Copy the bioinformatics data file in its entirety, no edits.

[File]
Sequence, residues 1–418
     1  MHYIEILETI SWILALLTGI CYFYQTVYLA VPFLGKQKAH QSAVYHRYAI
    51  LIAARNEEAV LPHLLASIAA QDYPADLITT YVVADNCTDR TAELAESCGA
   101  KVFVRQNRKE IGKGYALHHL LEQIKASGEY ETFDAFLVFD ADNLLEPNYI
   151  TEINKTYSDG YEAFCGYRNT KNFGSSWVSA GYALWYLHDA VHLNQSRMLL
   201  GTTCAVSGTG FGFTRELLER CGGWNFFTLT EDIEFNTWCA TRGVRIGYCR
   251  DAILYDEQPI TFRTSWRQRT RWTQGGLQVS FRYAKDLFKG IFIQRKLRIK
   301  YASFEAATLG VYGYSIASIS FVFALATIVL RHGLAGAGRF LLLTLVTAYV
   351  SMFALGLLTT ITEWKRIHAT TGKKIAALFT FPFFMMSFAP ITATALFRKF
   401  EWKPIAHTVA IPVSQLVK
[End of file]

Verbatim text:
Sequence, residues 1–418
     1  MHYIEILETI SWILALLTGI CYFYQTVYLA VPFLGKQKAH QSAVYHRYAI
    51  LIAARNEEAV LPHLLASIAA QDYPADLITT YVVADNCTDR TAELAESCGA
   101  KVFVRQNRKE IGKGYALHHL LEQIKASGEY ETFDAFLVFD ADNLLEPNYI
   151  TEINKTYSDG YEAFCGYRNT KNFGSSWVSA GYALWYLHDA VHLNQSRMLL
   201  GTTCAVSGTG FGFTRELLER CGGWNFFTLT EDIEFNTWCA TRGVRIGYCR
   251  DAILYDEQPI TFRTSWRQRT RWTQGGLQVS FRYAKDLFKG IFIQRKLRIK
   301  YASFEAATLG VYGYSIASIS FVFALATIVL RHGLAGAGRF LLLTLVTAYV
   351  SMFALGLLTT ITEWKRIHAT TGKKIAALFT FPFFMMSFAP ITATALFRKF
   401  EWKPIAHTVA IPVSQLVK